PSJA ISD’s latest $26M renovation mimics college, industry setting

Daniel King, superintendent of PSJA ISD, talks about the new PSJA College and University Center on Thursday, Dec. 20, 2018, in San Juan. (Joel Martinez | [email protected])

SAN JUAN — Some buildings still have the original, yet long-forgotten lockers that served high school students back in the 1960s. But they will soon be gone as the first high school of the Pharr-San Juan-Alamo school district is undergoing a $26 million renovation to accommodate a new era of learning.

The campus, located right across PSJA High School, will soon be the PSJA College and University Center. The center will house the Collegiate Academies, which consist of the School of Science, Technology, Engineering and Mathematics, or STEM; the School of Business and Industry; School of Public Service and Health Service; and the School of Arts and Humanities.

The PSJA Collegiate High School program, which accommodates to students who prefer a smaller setting, will also be housed in the campus. It will be the first to be inaugurated in January with a cohort of 100 students.

“This is part of the early college initiative,” said PSJA school district Superintendent Daniel King. “A lot of what this is about is that most of the specialized programs, college programs, we can’t replicate them at every site, so we created a central location where a lot of these programs can be placed and students can be bused in.”

Duplicating equipment and staff for each of the four main fields of study at each and every high school would have been too costly, he said. But by having it all at one location, the district can now offer every student the opportunity to choose a pathway and get college credits and certificates in that area.

Each field is intended to offer students specialties such as Collegiate Academies of Biology, Mathematics or Computer Science, in the STEM program. And each wing will be designed around those fields for complete exposure.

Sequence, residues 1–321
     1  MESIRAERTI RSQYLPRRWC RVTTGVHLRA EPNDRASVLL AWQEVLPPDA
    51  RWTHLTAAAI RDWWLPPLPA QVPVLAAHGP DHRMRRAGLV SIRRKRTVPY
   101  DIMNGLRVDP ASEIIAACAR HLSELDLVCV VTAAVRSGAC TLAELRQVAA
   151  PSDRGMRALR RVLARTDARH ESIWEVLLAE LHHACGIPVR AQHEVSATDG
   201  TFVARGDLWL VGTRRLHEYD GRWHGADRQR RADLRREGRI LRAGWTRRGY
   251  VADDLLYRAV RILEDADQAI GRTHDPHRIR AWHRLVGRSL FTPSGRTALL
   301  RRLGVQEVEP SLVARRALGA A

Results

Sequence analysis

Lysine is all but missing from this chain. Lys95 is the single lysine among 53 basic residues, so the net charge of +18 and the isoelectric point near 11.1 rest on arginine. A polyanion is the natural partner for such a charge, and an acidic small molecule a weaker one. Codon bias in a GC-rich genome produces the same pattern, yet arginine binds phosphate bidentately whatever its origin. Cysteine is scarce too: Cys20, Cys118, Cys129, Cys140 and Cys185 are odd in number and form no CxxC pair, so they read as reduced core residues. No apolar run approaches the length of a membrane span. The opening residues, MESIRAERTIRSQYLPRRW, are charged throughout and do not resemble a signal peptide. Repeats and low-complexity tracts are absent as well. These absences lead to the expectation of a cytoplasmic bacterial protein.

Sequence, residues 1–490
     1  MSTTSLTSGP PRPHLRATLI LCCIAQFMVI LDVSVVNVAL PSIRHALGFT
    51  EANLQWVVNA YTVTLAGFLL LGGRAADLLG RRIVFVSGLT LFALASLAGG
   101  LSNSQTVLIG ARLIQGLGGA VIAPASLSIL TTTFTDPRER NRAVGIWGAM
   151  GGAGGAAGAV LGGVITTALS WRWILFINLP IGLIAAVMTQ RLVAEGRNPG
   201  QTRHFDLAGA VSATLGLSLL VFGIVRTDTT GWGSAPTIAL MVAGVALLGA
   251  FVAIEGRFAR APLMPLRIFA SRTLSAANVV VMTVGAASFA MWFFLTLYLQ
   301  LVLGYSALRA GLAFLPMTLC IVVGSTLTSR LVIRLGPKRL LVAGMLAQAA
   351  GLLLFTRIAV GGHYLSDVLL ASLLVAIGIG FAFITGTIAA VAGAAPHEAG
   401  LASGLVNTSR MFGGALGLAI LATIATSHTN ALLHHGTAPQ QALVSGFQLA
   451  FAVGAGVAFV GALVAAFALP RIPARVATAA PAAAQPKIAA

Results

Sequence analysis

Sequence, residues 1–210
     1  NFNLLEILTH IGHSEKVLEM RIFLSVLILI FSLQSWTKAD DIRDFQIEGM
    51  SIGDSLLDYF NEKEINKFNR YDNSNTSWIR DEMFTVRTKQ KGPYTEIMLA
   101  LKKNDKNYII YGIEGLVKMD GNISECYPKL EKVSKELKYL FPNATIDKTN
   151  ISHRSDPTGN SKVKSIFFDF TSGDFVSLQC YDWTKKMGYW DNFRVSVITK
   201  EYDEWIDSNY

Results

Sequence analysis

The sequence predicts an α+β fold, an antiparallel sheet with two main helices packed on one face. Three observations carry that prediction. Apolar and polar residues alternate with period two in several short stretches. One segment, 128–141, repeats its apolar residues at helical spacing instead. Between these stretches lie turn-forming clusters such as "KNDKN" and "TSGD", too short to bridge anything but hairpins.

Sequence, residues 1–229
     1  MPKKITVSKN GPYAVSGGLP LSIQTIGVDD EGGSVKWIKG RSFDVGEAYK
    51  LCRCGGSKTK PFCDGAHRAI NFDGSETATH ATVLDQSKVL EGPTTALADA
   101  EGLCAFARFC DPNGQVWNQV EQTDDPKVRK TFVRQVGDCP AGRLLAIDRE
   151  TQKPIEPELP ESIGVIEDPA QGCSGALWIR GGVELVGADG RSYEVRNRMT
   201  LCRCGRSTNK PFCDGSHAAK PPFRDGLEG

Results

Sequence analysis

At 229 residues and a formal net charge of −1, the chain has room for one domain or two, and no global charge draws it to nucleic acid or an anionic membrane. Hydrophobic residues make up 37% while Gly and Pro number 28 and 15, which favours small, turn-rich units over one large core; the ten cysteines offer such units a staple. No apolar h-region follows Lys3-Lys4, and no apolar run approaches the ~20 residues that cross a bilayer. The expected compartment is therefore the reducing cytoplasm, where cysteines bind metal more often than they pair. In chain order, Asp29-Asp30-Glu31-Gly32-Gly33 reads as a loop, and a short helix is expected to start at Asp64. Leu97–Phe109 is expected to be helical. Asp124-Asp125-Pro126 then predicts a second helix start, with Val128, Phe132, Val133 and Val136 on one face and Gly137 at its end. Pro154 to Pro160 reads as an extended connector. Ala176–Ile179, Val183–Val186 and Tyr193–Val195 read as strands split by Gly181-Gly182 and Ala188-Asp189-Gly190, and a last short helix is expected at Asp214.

Exposed wiring throughout the entire ceilings and computer servers enclosed by glass walls, can be found in one of the STEM wings where students interested in programming or software design will soon attend.

Those going into health sciences, will be housed in wings that mimic a small hospital setting with patient rooms, surgery rooms and even a pharmacy. These will also have mannequins wired to act as patients and help students and teachers practice protocols.

The manufacturing hopefuls will also enjoy a building full of equipment that mimics what they will find in the field as well as a complete manufacturing line. The same goes for those going into auto technology.

The campus cafeteria is equipped to serve about 1,000 students and will also house a culinary program.

District officials consulted with both higher education and industry partners to assess the needs of each specialty, as far as space, equipment and layout.

“All the programs here are in partnership with (South Texas College) or (the University of Texas Rio Grande Valley),” King said. “So the design of each of the areas we brought our team, faculty and so forth, faculty from STC, UTRGV, (Texas State Technical College) in Harlingen and private industry… to make sure that whatever we design and layout meets the current industry.”

Consideration for a building of this kind started more than five years ago, King said. About three years ago the planning to turn this campus into the new center began and construction started about a year and a half later.

While most of the campus will be functional in January, and some students will be able to start attending classes there, the bulk of some of the more equipment-heavy programs will not be completely ready until August 2019.

In the meantime, King said they are working with high school officials to assess the demand of each program and develop schedules in which their students can begin attending.

The hope is to continue growing the campus once they have a better idea of what fields might need to grow faster depending on demand.

Right now the district has about 9,000 high school students, with graduating cohorts of about 2,000 per year. And while some of the campuses will continue to offer their established college and career programs, King said this campus will allow them to offer more equity as far as opportunities.

“Our goal is to really be pushing the envelope in terms of really trying the best we can to connect every student to a program that leads them to and through a post-secondary credential certificate, associate degree, or whatever,” King said. “We are going to meet the needs of all of them to the best we can in terms of what’s out there in the economy, in higher education … we are trying to be a connector to that.